Korean adoptees are seeking answers about their ancestry from at-home genetic testing kits such as 23andMe, says PRI’s “The World.”
However, M.S. in Bioethics director Dr. Robert Klitzman casts doubt on the amount of insight one can glean from such reports.
Users of tests such as 23andMe “may think they must be getting more reliable information than they are,” he says. “They may have unrealistic expectations. They may think they’re going to fork over their money and find long-lost relatives. And that may not be the case.”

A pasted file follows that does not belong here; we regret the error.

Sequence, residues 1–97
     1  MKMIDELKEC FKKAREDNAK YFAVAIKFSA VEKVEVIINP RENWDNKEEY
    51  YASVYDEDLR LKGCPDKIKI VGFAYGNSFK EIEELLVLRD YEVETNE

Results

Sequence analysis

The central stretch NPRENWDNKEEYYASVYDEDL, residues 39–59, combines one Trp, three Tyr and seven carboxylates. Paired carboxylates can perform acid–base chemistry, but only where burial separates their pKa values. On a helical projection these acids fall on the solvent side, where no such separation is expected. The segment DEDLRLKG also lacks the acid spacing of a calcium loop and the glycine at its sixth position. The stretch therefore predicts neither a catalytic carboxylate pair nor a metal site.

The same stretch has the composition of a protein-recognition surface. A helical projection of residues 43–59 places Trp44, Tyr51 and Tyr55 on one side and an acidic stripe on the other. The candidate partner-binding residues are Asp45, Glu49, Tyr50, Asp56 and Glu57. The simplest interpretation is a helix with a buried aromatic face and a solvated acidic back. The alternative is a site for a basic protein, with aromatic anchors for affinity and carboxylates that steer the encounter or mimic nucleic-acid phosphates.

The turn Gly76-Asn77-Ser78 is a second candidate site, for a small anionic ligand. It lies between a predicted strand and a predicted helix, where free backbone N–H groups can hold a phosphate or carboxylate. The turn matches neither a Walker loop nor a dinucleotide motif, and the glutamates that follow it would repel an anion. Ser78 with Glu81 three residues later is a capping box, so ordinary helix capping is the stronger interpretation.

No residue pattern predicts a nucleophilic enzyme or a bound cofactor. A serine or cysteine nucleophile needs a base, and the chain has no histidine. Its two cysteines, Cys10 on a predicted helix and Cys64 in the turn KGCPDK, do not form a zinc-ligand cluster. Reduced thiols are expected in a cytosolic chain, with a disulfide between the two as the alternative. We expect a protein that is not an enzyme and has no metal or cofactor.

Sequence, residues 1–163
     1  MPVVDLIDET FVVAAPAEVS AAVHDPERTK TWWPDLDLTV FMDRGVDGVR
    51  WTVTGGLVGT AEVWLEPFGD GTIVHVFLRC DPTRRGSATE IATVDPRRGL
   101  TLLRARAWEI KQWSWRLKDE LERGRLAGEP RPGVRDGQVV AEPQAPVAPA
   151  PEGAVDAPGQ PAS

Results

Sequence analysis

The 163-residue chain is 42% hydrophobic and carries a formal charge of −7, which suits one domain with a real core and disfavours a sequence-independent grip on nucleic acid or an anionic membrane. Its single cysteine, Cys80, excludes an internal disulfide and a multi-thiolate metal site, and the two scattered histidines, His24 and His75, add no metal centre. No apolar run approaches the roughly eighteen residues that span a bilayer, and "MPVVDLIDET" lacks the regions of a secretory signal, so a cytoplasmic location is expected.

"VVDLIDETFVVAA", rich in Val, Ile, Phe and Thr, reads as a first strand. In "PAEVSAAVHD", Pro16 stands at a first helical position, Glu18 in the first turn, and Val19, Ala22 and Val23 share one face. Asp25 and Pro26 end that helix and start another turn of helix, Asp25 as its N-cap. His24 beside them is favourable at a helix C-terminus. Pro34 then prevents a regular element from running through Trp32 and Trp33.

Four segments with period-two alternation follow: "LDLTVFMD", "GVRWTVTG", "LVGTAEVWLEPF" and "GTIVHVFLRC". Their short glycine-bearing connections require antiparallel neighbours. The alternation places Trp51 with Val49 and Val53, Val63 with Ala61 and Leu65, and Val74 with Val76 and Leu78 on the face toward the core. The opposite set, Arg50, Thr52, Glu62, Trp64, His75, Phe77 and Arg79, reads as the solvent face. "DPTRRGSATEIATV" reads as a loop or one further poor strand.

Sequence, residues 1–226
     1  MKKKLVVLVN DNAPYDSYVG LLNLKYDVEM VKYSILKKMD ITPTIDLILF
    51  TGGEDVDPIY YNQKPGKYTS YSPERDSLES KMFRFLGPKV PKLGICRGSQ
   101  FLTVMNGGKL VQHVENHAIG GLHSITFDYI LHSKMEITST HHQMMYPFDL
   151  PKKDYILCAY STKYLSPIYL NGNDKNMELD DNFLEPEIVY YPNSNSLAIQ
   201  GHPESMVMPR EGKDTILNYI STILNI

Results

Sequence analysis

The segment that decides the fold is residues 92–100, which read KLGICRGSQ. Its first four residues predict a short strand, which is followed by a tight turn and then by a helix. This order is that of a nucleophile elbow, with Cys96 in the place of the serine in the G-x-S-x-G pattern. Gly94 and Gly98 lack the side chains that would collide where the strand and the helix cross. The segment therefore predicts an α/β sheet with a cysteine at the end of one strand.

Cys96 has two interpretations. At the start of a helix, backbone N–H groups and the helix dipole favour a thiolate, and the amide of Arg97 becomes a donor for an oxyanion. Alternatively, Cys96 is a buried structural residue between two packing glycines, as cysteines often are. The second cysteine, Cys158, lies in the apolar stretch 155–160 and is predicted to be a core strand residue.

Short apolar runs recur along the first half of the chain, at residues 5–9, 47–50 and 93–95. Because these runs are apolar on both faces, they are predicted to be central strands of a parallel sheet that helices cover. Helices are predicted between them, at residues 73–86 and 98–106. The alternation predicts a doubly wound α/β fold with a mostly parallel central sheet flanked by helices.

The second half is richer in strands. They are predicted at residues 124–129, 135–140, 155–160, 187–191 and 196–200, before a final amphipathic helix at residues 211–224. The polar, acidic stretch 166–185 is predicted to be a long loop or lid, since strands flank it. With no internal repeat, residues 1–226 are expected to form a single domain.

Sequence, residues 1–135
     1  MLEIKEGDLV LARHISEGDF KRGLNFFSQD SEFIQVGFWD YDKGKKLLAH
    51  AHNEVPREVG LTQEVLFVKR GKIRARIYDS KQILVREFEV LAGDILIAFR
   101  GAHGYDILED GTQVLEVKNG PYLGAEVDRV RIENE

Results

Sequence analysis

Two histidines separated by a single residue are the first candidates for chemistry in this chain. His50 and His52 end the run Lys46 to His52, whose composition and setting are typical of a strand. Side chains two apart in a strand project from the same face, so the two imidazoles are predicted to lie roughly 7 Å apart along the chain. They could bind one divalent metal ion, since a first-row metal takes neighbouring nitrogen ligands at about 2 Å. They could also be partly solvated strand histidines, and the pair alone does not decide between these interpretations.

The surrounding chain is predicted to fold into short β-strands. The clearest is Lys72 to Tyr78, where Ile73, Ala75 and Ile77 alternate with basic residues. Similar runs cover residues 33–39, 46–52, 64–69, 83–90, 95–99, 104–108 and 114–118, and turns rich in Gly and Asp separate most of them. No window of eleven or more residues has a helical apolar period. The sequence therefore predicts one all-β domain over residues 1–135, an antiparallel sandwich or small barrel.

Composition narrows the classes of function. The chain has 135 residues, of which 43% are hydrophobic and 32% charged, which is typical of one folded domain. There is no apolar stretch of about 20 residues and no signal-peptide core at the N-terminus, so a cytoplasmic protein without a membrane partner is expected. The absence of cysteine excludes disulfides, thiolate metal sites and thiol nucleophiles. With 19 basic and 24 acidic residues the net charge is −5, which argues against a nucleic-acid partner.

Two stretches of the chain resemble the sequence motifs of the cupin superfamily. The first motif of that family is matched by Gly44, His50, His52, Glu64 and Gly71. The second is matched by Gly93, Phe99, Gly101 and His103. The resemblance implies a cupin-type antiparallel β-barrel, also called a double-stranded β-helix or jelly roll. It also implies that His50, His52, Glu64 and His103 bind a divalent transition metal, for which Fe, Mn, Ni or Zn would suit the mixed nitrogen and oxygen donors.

Klitzman explains the limits of such DNA kits this way: “If I were to pull a book off the shelf and I read the first letter on every three pages, so [that] on the first page the letter’s an A, three pages later the letter’s an E, three pages later, the first letter is a G, I wouldn’t know if I were reading the phone book or Tolstoy.”
While estranged family members have the right to find out more about their heritage and to connect with their ancestors, Klitzman cautions against relying on the limited expertise of these direct-to-consumer genetic testing kits.
Read more at PRI.org.